Yes We Can, But We Haven’t Yet
Taurean Brown | Contributor
Taurean Brown is a community activist and freelance writer based in Durham, N.C. Follow him on Twitter @TheBlackVoice or visit blacksankofa.wordpress for more of his writing.
What a powerful moment in time we find ourselves in this nation with the re-election of the first African American president. In this time we find poverty rising, extremism coming from all ends, minds being brainwashed on a massive scale, etc.
For many people, these factors seem like a new situation, however ibelieve we find ourselves in a very familiar position, particularly for black people.
Through this election season the theme of “change” resonated between both parties on the election trail. In the black community, you saw individuals pushing to get others registered to vote and actually going out to the polls. On TV and social networking you saw celebrities and others get involved, talking about making your voice heard and exercising your right to vote. The people made their voices heard and they selected the Barack Obama for another four years as the leader of the nation.
Now that the election is over, what change is really going to happen and what part will the people play in this change?
The black community faces several problems that have plagued us for many decades, such as: youth violence, unequal education, high unemployment, poor healthcare, police brutality, and neighborhood destruction. The list goes on and on.
Sadly, I believe that too many people are under the impression that their responsibility to change is now accomplished being that we re-elected President Obama. On the Internet you see the familiar pictures of President Obama with MLK or Malcolm X in the background saying that the “dream” has been accomplished or something close to that point.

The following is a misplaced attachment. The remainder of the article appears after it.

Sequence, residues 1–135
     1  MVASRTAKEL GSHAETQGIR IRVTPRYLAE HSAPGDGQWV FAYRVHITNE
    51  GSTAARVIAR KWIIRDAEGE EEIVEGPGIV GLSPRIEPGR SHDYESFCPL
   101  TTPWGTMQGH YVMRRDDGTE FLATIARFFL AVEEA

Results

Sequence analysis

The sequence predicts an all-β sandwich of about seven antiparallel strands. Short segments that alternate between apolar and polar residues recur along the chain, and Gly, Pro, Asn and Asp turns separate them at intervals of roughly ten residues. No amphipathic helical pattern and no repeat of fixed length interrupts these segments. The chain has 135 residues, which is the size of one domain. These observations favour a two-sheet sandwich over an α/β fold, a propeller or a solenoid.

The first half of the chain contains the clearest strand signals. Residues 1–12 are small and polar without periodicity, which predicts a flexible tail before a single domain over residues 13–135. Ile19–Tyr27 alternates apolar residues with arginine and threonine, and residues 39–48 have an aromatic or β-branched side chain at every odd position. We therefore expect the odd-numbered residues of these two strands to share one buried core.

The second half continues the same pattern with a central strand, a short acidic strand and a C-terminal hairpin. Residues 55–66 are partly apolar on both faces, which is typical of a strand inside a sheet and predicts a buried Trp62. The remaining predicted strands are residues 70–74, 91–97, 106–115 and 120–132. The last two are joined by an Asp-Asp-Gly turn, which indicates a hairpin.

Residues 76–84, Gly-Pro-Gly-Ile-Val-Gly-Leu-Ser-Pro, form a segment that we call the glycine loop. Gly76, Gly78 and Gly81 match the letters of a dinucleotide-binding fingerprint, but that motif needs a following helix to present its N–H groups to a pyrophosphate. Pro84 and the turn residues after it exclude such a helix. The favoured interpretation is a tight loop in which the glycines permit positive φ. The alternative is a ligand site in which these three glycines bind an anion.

Go into the homes of many African Americans and you will see pictures of President Obama right beside pictures of Black Jesus, almost characterizing him as a savior. As a proud black man in America, I am very proud to see our President look like me, however I would be foolish to believe that the “dream” is accomplished or even close to being finished.
The dream will never be accomplished as we remain on the sidelines and do not get actively involved in the change of our own people and community.
Yes we must remain involved politics and vote regularly for all elections both local and national, but the change we really seek will not take place in the halls of Congress. The change we want to see as a people will take place in our minds, our homes, our schools, our streets, our barbershops, our hangouts, and our communities. For far too long black people have accepted watered-down freedom that has been passed down by the United States government, hoping and praying that one day real change will come. Well its time to stop hoping and actually get out and make that change happen. The time for change is always now. Each generation has had its defining moment. My father’s generation went to the streets fighting against brutal violence, stanch racism, and unjust segregation to end in America. What will our generation be known for?
We have the awesome opportunity to bring forth real change for our people and the nation as a whole, so how do we make this change? We make this change by first decolonizing our minds and filling our minds with truth and knowledge. We must infuse our people with self-pride and love. Teach our children that there is nothing wrong with being exactly how God made you. We must unify our people and dispel all the things that divide us as a people. One of the main tactics used to take over our people was “divide and conquer”, so in order to combat this tactic we must unify and conquer. As a unified proud educated people we will then be able to stand up against the social barbed wire that has kept our people in this stagnant state. We must let the nation know that we will no longer tolerate injustice, unequal education, unequal representation in government, the War on Drugs, and many other things that destroy the fiber of black life in America.
As black people in America we must take our freedom by any means necessary.